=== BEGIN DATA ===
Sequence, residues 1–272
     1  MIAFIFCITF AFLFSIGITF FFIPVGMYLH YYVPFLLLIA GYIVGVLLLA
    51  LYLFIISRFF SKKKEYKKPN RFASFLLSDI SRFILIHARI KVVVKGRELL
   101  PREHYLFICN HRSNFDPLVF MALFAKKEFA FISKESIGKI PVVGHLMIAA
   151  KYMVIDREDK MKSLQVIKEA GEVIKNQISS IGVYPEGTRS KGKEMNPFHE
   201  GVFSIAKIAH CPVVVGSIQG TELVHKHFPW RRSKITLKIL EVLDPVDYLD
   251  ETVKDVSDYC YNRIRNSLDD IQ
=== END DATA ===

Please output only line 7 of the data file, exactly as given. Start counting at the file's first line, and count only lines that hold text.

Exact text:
   251  ETVKDVSDYC YNRIRNSLDD IQ